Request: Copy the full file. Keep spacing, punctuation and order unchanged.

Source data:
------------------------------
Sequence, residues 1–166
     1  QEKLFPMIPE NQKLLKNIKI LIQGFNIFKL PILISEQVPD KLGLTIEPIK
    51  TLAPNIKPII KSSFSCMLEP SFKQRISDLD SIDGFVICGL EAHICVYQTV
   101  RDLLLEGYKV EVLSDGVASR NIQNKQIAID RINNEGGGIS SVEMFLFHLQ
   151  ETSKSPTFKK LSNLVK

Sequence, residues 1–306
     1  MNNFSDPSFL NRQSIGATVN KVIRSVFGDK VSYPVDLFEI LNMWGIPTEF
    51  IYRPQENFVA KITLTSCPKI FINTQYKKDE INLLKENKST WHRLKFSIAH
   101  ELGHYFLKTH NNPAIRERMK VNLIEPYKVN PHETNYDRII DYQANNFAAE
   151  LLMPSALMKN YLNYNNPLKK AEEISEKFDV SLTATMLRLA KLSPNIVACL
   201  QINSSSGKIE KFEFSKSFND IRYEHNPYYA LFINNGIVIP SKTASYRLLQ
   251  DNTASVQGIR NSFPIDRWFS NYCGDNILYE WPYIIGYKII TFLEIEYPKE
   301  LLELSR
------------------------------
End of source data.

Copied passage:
Sequence, residues 1–166
     1  QEKLFPMIPE NQKLLKNIKI LIQGFNIFKL PILISEQVPD KLGLTIEPIK
    51  TLAPNIKPII KSSFSCMLEP SFKQRISDLD SIDGFVICGL EAHICVYQTV
   101  RDLLLEGYKV EVLSDGVASR NIQNKQIAID RINNEGGGIS SVEMFLFHLQ
   151  ETSKSPTFKK LSNLVK

Sequence, residues 1–306
     1  MNNFSDPSFL NRQSIGATVN KVIRSVFGDK VSYPVDLFEI LNMWGIPTEF
    51  IYRPQENFVA KITLTSCPKI FINTQYKKDE INLLKENKST WHRLKFSIAH
   101  ELGHYFLKTH NNPAIRERMK VNLIEPYKVN PHETNYDRII DYQANNFAAE
   151  LLMPSALMKN YLNYNNPLKK AEEISEKFDV SLTATMLRLA KLSPNIVACL
   201  QINSSSGKIE KFEFSKSFND IRYEHNPYYA LFINNGIVIP SKTASYRLLQ
   251  DNTASVQGIR NSFPIDRWFS NYCGDNILYE WPYIIGYKII TFLEIEYPKE
   301  LLELSR